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An Enjoyable Tour of Duty

Heroes Remember

An Enjoyable Tour of Duty

I was in Afghanistan twice and again I was in a unique position both times where as an intelligence operator again I got to experience many aspects of the mission and fortunate to see different phases of Canada’s progress there. I was in Afghanistan in 2003. I was lucky, fortunate to go with a small unit and our job was to, the team that I was with their job was to be basically close, personal protection to General Leslie who was Canada’s top military official in the country at the time but he was also deputy commander of ISAF, International Security Assistance Force, acting for NATO. There’s a German general who is in charge of the entire operation but General Leslie was his deputy and had an important role to play and I was part of CANSOF COM at this point, Canada’s Special Operation’s Command as an intelligence operator. I had been with the unit for several years at this point and so we deployed in the summer of ’03 and set up in Kabul so their job, the team that I worked with, their job was to protect General Leslie and I was the intelligence operator that accompanied the team and my job was to update them on intelligence information, threats, help with route planning, contribute to mission planning and whatever else was required for that mission and we were there just over four months and that was a great experience. The war had been on for almost two years at that point but there hadn’t been a lot of fighting in Kabul itself, I think that Kabul was spared majority of the fighting as the northern alliance forces were taking over the country from the Taliban. Kabul remained at that point secure from most of the fighting and Kabul was used by NATO and the United States and other allies as really a huge staging area for what was to be a massive intervention in the country and the British I believe had their boots on the ground and the Americans in Kabul first and once Canada decided to transition from their initial combat mission in Kandahar in southern Afghanistan, they transitioned to Kabul where the Canadian contingent was setting up headquarters in Camp Julian, the southern part of the city. When we arrived, NATO was really just getting established in the city so it wasn’t exactly the wild west but it was shortly after the wild west had been set up so General Leslie’s job was to make sure that international partners, the United Nations aid groups, international organizations were sort of being meshed with ISAF and NATO so he was the coordination man so he was out and about all over the city and our guys ran pretty hard to keep up with him because he was a busy guy. So ours was a job of constant updates, trying to find out what the safe routes were, updating him on attacks that might have happened that day, IED’s that had gone off that day, going to briefings, this is my job to go to all the briefings and make sure we had some good threat intelligence on what was happening in the city. And it was an interesting time to be there because the Canadian Embassy was just being rebuilt. Camp Julian was nothing more than a gravel parking lot with two hundred people in it when I was there. They were sleeping in tents. So over the course of months I saw it grow from this very small rudimentary camp to this massive military camp that had been built over a series of months. That was interesting to see. It was a busy and exciting time to be part of something that would be a lot bigger and I was very fortunate enough to be sort of a fly on the wall to a lot of really interesting conversations and it was probably my best tour, I reallyenjoyed it.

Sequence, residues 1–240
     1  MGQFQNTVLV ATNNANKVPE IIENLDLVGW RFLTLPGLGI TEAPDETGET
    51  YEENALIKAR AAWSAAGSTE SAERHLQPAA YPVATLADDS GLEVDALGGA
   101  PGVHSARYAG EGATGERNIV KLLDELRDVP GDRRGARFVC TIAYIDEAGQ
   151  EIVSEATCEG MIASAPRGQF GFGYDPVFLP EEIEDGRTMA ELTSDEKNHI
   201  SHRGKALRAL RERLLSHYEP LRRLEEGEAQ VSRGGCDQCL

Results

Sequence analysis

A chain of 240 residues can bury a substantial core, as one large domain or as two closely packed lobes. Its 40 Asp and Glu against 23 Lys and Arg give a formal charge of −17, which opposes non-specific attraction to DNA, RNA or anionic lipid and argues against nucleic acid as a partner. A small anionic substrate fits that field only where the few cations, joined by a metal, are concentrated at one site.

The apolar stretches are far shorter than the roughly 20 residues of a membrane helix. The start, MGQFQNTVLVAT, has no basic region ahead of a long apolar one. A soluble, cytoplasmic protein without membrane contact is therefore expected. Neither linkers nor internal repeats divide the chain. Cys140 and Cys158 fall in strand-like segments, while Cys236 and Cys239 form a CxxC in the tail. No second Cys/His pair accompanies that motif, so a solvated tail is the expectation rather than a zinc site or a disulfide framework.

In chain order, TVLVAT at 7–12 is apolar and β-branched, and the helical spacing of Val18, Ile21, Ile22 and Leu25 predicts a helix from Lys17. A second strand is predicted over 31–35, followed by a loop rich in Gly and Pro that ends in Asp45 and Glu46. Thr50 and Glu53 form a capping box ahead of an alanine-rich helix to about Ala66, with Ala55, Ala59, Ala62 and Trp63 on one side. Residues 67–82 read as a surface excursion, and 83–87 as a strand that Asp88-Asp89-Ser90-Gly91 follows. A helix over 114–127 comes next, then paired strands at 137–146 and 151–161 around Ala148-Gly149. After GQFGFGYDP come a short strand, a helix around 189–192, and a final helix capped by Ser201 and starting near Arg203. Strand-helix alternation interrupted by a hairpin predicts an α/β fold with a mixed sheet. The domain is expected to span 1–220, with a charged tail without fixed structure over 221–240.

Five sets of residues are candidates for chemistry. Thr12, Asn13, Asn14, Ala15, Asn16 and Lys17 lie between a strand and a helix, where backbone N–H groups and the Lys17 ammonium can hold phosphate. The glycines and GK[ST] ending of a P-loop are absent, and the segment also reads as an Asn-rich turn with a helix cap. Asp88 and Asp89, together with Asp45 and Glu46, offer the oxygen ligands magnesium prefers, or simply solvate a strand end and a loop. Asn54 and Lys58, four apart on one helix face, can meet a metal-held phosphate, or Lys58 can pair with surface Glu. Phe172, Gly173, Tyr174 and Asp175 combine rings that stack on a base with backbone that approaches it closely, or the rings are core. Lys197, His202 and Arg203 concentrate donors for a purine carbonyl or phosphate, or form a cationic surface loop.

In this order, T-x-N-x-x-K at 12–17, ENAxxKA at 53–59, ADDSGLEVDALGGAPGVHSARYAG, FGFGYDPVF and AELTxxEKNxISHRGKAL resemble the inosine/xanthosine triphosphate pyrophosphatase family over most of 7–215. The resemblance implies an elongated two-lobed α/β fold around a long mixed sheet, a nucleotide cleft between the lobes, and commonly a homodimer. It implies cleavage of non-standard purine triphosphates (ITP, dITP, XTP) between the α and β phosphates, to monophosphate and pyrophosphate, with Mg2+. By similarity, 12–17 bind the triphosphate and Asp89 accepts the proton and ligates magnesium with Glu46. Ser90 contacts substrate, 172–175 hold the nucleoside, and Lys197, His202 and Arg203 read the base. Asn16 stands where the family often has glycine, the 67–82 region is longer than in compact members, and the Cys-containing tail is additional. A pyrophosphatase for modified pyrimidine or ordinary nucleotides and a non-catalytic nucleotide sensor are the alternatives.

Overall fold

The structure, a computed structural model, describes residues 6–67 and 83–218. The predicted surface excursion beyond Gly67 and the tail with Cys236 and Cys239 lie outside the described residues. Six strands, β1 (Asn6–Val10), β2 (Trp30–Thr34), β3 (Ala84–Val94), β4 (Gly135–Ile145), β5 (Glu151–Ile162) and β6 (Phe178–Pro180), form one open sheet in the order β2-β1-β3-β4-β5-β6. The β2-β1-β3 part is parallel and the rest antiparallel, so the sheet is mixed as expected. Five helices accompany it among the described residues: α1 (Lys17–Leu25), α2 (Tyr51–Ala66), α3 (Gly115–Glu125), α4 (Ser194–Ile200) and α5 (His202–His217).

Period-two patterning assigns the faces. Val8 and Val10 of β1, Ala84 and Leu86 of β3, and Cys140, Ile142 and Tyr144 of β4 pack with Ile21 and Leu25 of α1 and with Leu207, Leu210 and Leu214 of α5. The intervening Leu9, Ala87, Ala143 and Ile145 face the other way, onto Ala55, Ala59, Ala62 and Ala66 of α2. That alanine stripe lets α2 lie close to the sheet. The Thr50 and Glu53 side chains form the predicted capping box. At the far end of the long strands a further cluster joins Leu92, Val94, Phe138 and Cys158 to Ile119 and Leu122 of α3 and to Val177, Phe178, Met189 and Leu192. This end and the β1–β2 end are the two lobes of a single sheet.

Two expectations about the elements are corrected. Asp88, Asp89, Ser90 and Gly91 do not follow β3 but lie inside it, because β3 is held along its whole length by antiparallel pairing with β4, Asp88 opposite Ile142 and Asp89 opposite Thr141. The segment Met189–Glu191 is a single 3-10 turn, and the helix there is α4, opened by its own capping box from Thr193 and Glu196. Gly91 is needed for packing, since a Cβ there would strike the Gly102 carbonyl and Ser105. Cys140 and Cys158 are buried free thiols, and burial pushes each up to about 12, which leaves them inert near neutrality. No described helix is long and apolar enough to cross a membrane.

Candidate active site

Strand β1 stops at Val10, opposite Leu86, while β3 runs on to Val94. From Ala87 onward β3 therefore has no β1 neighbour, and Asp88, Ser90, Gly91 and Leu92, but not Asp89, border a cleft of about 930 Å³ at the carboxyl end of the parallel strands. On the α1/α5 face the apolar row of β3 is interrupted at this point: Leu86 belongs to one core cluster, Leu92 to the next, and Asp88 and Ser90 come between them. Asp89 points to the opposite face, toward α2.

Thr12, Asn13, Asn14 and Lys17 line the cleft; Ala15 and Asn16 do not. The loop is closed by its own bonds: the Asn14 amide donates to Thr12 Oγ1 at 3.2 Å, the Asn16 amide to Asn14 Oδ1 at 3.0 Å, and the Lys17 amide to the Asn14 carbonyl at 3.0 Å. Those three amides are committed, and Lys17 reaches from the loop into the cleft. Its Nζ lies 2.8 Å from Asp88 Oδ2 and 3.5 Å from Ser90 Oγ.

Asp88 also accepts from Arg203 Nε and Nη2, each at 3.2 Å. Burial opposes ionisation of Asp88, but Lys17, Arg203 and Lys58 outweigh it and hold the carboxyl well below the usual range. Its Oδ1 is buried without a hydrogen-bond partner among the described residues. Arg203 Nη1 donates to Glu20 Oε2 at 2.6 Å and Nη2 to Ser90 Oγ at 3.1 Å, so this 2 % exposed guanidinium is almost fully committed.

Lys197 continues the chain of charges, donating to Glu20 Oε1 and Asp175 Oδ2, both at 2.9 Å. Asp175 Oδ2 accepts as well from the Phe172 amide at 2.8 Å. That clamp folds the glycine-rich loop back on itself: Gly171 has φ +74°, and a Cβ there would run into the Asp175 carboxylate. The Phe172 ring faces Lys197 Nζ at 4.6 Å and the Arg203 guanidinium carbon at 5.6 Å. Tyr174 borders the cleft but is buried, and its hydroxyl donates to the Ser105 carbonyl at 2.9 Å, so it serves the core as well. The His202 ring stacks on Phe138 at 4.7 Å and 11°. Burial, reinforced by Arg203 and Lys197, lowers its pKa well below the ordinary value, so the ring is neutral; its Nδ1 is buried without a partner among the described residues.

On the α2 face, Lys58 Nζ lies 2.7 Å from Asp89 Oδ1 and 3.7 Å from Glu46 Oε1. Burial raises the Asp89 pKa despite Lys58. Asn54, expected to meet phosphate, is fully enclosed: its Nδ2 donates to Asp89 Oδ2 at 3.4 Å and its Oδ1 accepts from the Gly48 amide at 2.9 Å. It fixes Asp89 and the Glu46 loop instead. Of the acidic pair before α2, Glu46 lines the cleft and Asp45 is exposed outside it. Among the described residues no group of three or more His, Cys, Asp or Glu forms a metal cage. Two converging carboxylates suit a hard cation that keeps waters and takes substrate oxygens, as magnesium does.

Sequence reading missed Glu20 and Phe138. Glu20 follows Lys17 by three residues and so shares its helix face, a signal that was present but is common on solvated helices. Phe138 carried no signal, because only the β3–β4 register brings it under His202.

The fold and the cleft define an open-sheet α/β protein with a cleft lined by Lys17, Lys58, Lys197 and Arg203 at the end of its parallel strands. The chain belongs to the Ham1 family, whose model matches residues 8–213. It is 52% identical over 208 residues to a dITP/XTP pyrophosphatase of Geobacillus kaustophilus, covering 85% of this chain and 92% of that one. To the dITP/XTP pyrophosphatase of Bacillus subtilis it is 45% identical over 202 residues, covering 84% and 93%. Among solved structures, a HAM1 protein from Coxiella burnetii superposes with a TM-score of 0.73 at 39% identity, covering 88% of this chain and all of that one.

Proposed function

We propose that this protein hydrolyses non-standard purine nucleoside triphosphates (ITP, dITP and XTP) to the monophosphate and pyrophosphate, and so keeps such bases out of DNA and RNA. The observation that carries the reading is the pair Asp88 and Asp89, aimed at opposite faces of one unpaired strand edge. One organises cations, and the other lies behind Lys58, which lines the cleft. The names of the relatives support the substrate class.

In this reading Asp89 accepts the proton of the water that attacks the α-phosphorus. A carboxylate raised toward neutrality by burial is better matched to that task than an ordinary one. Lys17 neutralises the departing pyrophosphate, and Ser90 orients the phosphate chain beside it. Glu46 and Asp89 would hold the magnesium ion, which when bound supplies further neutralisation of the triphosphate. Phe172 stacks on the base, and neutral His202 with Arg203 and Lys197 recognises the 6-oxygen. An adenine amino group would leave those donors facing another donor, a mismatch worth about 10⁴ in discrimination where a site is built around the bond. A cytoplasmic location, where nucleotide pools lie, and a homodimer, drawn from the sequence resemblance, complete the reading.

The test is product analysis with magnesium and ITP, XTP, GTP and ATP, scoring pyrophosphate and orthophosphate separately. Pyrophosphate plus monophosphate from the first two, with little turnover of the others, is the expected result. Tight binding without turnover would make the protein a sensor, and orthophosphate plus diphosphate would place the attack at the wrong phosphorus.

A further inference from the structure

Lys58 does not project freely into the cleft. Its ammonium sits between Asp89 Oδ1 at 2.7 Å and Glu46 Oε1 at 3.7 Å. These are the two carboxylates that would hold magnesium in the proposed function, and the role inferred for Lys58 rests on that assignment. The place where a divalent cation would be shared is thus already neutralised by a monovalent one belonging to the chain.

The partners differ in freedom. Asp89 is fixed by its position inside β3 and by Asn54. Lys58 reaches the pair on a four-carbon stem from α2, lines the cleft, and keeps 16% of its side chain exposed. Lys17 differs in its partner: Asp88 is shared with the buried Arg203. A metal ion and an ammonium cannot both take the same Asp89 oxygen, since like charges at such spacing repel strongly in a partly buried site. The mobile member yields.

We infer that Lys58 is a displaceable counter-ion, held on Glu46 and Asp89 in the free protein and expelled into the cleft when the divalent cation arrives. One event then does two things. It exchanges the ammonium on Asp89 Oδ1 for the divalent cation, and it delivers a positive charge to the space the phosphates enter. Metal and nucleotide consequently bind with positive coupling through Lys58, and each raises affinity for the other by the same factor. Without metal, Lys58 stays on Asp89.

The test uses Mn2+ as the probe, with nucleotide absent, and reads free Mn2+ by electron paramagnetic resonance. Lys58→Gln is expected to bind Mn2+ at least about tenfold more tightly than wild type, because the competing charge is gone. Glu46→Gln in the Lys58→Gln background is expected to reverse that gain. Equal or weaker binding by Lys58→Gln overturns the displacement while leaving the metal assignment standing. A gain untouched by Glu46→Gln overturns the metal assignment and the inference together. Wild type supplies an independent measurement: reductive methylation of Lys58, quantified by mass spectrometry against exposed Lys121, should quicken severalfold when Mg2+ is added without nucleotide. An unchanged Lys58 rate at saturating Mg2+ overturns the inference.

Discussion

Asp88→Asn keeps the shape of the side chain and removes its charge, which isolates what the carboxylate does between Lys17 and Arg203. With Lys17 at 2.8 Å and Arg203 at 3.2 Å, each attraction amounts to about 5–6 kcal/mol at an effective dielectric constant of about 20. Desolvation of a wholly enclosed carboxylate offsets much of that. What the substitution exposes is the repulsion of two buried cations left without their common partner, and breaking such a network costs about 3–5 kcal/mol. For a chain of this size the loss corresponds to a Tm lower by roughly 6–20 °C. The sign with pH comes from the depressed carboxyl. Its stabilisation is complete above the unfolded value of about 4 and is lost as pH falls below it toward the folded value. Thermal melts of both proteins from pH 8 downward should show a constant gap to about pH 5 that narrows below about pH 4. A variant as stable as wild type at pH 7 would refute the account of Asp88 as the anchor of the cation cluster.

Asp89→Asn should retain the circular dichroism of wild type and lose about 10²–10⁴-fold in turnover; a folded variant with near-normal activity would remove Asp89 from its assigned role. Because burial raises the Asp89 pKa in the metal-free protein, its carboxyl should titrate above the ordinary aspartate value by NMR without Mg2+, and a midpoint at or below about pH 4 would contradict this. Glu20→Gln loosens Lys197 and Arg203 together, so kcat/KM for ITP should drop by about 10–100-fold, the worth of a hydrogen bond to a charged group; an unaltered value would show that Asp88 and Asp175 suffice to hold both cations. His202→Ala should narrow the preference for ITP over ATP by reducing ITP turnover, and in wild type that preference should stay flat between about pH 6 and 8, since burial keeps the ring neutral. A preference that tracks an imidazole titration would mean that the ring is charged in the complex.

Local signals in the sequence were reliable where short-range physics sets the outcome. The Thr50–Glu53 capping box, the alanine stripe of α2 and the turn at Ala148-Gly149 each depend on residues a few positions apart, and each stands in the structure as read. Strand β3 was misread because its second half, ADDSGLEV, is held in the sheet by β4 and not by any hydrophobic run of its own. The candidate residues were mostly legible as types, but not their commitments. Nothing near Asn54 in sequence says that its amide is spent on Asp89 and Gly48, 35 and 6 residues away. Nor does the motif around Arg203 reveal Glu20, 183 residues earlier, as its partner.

Mr. Palmer speaks in detail about his tour to Afghanistan and the role he played within Intelligence headquarters.

Phil Palmer

Mr. Phil Palmer was born October 16, 1969 in Calgary, Alberta. Mr. Palmer’s desire for the military started at a very young age as he always knew someday he would join. After graduating from high school, Mr. Palmer immediately enlisted in the military. Mr. Palmer joined the infantry with the Royal Canadian Regiment, was a member of the Airborne Regiment as a Paratrooper 3 Commando and later transferred to the Intelligence Operations as an Intelligence Operator. Over the course of 26 years, Mr. Palmer deployed to areas of Somalia, Bosnia and two deployments to Afghanistan. Mr. Palmer discharged from the military and now resides in Ottawa with his wife and family.

Meta Data
Veterans Affairs Canada
December 9, 2014
Person Interviewed:
Phil Palmer
War, Conflict or Mission:
Canadian Armed Forces

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